Arriving at Emory freshman year was like entering a new world. Freshman year immediately throws you into situations that are entirely uncomfortable and irresistible at the same time—being surrounded by strangers who will become lifelong friends, taking classes in subjects that you have never even thought about, and developing a sense of community and discovery that in themselves feel like magic. This voyage of both self-discovery and knowledge accumulation make the college experience a story I will remember forever.
There are stories that will be exaggerated to a point that they no longer represent reality. Like the time a friend and I broke into another hall mate’s room and switched his muscle milk with flour (they look almost identical in case you were wondering), or the time we invited our super hot Spanish professors out for a beer—and they said yes. These experiences helped me realize not to take life too seriously and always ask even if you expect a no.
College would not be an adventure if there were not struggles along the way. During freshman year I decided to take a computer science class. I was extremely unfamiliar with the material and did not even know how to go about preparing for it. By the end of the semester, when finals time came, the professor decided that too many people in the class were getting A’s. The final required that we write an entire program by hand, which was something no one in the class was familiar with. I think the final was ten pages long…and I left five pages blank. I walked out of the final and cried. The average on the test was a 24. Looking back on the experience, it made me feel what failure felt like and made me want to never feel that way again.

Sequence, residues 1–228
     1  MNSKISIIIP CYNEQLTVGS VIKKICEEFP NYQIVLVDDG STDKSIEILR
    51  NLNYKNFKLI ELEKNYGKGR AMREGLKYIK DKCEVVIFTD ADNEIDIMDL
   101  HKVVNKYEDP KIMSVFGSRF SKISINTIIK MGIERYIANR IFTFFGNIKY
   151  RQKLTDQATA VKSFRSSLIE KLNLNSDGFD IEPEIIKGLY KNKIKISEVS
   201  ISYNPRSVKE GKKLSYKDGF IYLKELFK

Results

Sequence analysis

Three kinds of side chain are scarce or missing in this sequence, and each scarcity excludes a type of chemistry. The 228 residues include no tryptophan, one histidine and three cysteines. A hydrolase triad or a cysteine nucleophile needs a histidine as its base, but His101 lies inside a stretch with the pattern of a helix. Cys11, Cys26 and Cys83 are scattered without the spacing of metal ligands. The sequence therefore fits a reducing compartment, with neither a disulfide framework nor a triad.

Another difficult moment I faced at Emory was the decision about whether or not to go abroad. The choice was a very difficult one to make. I had to balance leaving what I was comfortable with and knew I enjoyed with an immersive experience in another country that the outcome was unknown. The decision about going abroad was one of the best decisions I made at Emory. Going abroad made me appreciate Emory more, and provided me with a well-rounded perspective of the world - something that is so easy to ignore in today’s society. This experience has also made me more comfortable with reaching outside my comfort zone.
Sometimes college can be unpredictable and unsympathetic, but it is also sometimes magical. These magical moments—when an extra help session turns into a heated discussion about the future of the entire European Union, when a quiet night in turns into a night I cannot write about in this article if I want to graduate—these moments are what make realize that college is an extended 4-year adventure. But like all adventures, it must come to an end. The future represents another adventure that I am now more prepared for thanks to my experiences (both successes and failures) at Emory.
Jason Katz graduated from the College in May 2012.